• Fitness: This involves the perfection of the three types of fitness, you can’t have one without the other, and they are; mental, game and physical fitness as follows;
  • Mental fitness involves your thoughts and feelings that affect your performance,
    • Game fitness involves muscular and tendon atonement to play the various shots,
    • Physical fitness is the strengthening of body muscles and expanding the respiratory system to withstand the endurance of standing that is required for the time period of the game or series of games.

  Playing skills: This is the perfection of the draw shot to within 50 centre metres of the head or designated position, hitting the target with either on-shots, running shots or drive shots when required or requested by the skip,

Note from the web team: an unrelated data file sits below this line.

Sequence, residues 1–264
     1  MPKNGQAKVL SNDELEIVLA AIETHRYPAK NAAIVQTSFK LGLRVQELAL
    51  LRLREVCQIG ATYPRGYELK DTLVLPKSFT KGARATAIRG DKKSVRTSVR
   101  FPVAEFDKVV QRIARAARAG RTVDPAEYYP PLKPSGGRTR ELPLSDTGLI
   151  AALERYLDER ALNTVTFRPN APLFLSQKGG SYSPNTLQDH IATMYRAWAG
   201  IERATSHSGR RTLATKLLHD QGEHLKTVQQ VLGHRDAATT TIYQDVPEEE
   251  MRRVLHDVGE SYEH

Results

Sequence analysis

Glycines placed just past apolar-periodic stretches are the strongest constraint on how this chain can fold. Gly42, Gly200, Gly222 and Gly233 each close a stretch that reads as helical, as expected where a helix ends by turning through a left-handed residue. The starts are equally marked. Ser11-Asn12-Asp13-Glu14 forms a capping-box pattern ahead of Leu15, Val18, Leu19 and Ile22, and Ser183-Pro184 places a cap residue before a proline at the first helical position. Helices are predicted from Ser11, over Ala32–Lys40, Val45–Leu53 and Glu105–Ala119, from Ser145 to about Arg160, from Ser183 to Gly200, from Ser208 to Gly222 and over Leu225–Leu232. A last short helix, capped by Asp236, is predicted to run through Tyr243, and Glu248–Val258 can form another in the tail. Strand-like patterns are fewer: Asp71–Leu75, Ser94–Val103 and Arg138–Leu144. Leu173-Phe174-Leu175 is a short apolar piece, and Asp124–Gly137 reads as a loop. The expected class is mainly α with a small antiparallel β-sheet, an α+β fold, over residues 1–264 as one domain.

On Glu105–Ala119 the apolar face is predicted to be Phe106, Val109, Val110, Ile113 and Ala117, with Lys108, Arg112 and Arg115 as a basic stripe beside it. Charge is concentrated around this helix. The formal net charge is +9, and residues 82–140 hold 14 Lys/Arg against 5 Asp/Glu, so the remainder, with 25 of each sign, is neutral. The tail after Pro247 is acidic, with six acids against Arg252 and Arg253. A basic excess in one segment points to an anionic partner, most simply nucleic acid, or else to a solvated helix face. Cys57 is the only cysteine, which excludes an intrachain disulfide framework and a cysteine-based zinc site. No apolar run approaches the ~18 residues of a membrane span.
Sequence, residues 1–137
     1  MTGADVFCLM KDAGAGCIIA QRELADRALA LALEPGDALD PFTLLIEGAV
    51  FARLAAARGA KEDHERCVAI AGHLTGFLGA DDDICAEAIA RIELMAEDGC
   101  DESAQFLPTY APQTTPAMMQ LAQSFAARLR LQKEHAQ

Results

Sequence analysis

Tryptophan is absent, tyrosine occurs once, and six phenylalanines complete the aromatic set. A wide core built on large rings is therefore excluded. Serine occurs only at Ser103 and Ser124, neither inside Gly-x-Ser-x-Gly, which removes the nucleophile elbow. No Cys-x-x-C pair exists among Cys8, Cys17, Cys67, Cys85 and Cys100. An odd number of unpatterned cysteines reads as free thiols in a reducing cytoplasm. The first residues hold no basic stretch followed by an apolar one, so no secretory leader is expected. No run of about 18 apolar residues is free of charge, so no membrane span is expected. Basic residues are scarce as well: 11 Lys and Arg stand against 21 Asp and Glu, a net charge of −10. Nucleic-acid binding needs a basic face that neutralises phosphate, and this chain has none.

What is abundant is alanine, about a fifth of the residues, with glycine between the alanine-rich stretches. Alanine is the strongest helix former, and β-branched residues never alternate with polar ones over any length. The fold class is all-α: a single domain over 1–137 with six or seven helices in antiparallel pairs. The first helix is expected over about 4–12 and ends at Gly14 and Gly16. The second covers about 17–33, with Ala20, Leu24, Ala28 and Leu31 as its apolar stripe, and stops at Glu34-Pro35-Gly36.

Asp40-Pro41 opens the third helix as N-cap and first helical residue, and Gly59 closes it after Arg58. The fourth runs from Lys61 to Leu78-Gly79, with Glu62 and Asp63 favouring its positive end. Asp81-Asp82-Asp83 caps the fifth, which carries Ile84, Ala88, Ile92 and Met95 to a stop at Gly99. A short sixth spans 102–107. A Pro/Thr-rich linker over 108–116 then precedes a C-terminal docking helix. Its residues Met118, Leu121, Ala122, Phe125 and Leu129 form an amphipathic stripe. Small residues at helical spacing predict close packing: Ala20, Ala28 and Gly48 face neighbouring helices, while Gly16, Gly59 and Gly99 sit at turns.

  Training drills: To operate or cause to operate, speciality continuously or with repeated counter action, to work on feelings, playing weaknesses or game tactical situations etc. for one’s own purpose, to instigate the inevitable defeat of an opponent. To impart knowledge by strict training or discipline. Overall training drills create basic team strategy.

 Team communication: One cannot express enough the importance that teams and coaches must instigate a two-way system of communication that lets every team member know; what is the required within prior training, their duties practically and tactically before, during and after the game. This can be set up by the using the following three cycle routines;

o Game plan: To play one’s part in accordance with the rules. An overall strategy or long term plan, coaching for perfection and counter training drills for defence, attack and recovery for the coming game or series of games e.g. what to do, when to do it,

o Briefings; A short accurate summary of the details of a plan or operation as one given to players before an event such as; singles, triples or fours games,